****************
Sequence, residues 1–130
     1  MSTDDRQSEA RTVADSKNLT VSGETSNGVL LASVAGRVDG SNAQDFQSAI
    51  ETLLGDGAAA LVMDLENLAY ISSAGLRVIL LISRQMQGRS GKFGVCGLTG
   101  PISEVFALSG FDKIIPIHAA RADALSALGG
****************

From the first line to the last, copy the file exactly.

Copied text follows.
Sequence, residues 1–130
     1  MSTDDRQSEA RTVADSKNLT VSGETSNGVL LASVAGRVDG SNAQDFQSAI
    51  ETLLGDGAAA LVMDLENLAY ISSAGLRVIL LISRQMQGRS GKFGVCGLTG
   101  PISEVFALSG FDKIIPIHAA RADALSALGG